“I do,” I whisper shakily. “I love him. That’s why I have to go now, before I fall deeper and deeper and stop caring how wrong this is. Please.”
Helen is clearly torn. “He’s a good man, Meadow. He was just raised to be ruthless. It’s a wonder everything good inside of him wasn’t washed away by his father. He turned even more terrible after Walker’s mother got sick and died.” She appeals to me with a hand on my arm. “In time, I’m sure he would see reason.”
“I don’t. Every minute that passes seems to make him more determined to never let me leave this house.” I squeeze her hand. “I can’t live like that. Help me.”
Cogs turn behind her eyes and while she’s conflicted, she relents, reaching into her pocket to extricate a small billfold of cash, handing it to me. “Take this.”
I hug her hard. “Thank you, Helen.”
“Lord, if he finds out I helped you…”
“He won’t. I have a plan.”
I feel sick.
Sick and hollow and…confused.
I did what I had to do, didn’t I? Decided what was best for my peace of mind, what was best for Meadow’s safety, and I implemented the rules.
It’s what I do. What I’ve always done.
No one is supposed to question me.
She wasn’t supposed to cry. Or look so broken.
Christ, I fucked her so hard. In the middle of a fight. Both of us might have enjoyed the hell out of it, but afterward, she didn’t turn to me. Didn’t seek comfort. She’d turned away and I can’t blame her. I acted like a goddamn animal, bringing her to the height of pleasure, then trying to exact promises. Asshole.
I make a gruff sound and press my forehead to the glass of living room window. There is a hole in my stomach the approximate size of a cannon ball and with every fiber of my being, I want to be holding Meadow. Apologizing. Begging her to stop responding to me with such betrayal and sadness in her voice.
That’s not her.
She’s a fiery, take-no-bullshit girl.
What have I done to her in the space of one fucking day?
Stooping forward in deference to the agony in my belly, I glance toward the stairs that lead to our bedroom. Helen just carried up a tray of dinner for Meadow. She should be downstairs eating with me. Sitting beside me and laughing, answering the four thousand questions I have about her life before today, about her likes and dislikes. We should be making love in front of the fireplace and making plans for the future. Instead…I think I’ve ruined any chance at happiness.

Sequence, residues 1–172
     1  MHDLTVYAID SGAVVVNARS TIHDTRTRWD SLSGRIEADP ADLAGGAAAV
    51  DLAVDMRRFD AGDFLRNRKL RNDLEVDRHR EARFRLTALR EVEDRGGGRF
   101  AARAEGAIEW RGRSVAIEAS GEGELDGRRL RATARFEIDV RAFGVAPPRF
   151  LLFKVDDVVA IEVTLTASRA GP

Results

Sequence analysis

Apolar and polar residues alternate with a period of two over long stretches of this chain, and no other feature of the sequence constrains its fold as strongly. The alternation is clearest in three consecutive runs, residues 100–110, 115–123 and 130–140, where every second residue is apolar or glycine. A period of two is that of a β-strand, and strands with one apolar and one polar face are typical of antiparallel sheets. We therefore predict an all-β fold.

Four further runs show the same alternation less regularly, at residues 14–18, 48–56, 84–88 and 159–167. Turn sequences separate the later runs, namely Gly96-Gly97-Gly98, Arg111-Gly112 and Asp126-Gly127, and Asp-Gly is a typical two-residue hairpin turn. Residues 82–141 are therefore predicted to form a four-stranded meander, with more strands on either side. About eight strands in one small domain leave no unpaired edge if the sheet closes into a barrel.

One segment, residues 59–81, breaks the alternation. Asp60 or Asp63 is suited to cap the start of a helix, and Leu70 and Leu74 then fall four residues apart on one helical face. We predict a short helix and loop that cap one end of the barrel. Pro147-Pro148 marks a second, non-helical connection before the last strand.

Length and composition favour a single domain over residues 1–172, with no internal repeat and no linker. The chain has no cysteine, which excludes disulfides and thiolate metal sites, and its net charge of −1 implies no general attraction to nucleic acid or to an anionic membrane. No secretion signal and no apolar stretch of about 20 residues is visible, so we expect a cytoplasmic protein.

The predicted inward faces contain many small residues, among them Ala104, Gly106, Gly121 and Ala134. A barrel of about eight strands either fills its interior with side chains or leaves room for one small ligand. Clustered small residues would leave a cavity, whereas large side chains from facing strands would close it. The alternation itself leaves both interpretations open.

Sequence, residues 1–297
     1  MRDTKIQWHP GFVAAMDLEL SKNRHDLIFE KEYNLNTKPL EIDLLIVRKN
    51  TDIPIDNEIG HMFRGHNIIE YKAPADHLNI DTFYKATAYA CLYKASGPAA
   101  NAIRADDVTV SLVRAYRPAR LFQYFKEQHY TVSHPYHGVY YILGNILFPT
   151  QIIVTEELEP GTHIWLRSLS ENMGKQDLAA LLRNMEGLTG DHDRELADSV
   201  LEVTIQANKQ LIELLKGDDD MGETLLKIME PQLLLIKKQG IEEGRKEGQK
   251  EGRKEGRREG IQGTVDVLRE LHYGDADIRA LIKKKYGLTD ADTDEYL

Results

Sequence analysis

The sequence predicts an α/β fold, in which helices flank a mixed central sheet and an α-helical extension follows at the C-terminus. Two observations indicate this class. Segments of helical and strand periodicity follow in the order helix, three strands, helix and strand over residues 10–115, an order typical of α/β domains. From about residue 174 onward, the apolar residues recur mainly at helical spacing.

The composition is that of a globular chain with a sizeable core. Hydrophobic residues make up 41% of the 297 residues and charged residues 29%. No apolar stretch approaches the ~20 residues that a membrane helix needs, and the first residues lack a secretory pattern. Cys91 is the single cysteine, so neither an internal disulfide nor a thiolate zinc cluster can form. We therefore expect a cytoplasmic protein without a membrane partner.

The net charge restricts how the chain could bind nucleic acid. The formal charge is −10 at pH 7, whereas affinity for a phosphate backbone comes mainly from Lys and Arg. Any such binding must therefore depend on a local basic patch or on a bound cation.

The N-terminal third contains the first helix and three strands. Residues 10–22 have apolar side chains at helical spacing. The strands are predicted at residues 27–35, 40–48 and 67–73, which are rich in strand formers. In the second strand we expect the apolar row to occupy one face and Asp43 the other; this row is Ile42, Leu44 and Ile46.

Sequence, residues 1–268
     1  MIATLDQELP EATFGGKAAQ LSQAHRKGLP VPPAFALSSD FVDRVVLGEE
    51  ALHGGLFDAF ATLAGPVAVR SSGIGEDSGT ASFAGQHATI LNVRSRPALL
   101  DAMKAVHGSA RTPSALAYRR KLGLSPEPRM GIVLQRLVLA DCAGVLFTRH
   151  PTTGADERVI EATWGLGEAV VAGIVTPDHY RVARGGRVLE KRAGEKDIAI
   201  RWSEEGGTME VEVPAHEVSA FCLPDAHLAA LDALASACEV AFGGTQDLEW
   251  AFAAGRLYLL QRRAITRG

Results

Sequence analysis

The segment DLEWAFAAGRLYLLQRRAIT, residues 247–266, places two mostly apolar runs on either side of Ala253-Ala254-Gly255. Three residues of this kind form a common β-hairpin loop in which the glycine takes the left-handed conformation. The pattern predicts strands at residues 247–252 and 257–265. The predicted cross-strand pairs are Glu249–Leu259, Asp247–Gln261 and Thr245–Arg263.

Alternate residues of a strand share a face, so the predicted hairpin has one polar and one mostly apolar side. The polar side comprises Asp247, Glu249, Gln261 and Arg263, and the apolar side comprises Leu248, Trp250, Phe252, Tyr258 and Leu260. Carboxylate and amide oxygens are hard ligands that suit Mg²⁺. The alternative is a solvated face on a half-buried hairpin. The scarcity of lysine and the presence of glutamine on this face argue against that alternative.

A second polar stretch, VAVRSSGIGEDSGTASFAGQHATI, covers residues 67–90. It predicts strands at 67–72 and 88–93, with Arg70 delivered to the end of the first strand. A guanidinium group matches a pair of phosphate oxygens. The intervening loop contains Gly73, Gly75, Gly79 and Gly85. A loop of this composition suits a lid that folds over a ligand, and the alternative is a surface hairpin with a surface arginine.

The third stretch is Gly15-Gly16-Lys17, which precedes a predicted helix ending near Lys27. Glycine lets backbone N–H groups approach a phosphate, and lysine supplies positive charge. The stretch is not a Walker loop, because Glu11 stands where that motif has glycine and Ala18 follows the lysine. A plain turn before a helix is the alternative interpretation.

This wasn’t supposed to happen. I’ve gotten exactly what I want.
I’ve arranged Meadow in such a way that she can’t be used against me or distract me into making mistakes.
I’ve eliminated any chance of being vulnerable.
Why do I feel like my heart has been ripped out?
I turn slightly to find Richie has been let into the house by one of the guards stationed at the door. Since bringing Meadow home, the number of men stationed outside has been tripled and I’m thinking of adding more.
To keep my enemy out?
Or to keep her inside?
Jesus, I’ve turned into a jailer.
What’s the alternative? Let Walker McManus’s wife walk the streets of Boston, like a normal person? She’s not normal. She’s my heart. My soul.
“Uh…boss?” Richie prompts, tapping the newspaper section against his leg.
I swallow hard. “Hey, man.” My smile is forced and withers almost immediately. “Sudoku, right?” I fall onto the couch and dig my thumbs into my eye sockets. “Where did you get stuck?”
He sits down next to me. “Is something wrong?”
I start to issue a denial, but simply say, “Yeah.”
“But…” His tone betrays his confusion. “…you can fix anything.”
“Thanks for your confidence in me, Rich, but I don’t know if I can fix this particular thing.” He’s waiting for an explanation and I know how much he hates people leaving him out of adult conversations, since he is one, so I force the words out. “It’s Meadow. I fell for her really hard, really fast, and then…all I could think about was losing her. So I did what I needed to do to stop me from losing her. Ever. But I think I might have lost her anyway.” A rough exhale leaves me. “Fuck, I was terrible to her. There’s no way she still loves me. I killed it.”
Richie is quiet for a few beats. “Did you tell her you’re sorry?”
“An apology isn’t going to cut it.”
“You still have to try.”
I launch to my feet and stride away, halting in front of the window. “What good is an apology if I’m not sure I’m willing to change my decision?”
A turn with a hollow laugh. “Don’t pull your punches or anything.”
Richie shrugs. “You don’t lie to me, so I don’t lie to you.”